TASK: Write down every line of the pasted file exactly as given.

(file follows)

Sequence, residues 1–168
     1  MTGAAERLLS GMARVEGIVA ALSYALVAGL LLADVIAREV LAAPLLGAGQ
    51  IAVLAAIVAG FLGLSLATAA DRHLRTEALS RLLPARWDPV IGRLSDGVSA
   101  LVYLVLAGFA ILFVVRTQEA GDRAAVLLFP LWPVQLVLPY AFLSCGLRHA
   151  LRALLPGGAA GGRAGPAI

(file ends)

Sequence, residues 1–168
     1  MTGAAERLLS GMARVEGIVA ALSYALVAGL LLADVIAREV LAAPLLGAGQ
    51  IAVLAAIVAG FLGLSLATAA DRHLRTEALS RLLPARWDPV IGRLSDGVSA
   101  LVYLVLAGFA ILFVVRTQEA GDRAAVLLFP LWPVQLVLPY AFLSCGLRHA
   151  LRALLPGGAA GGRAGPAI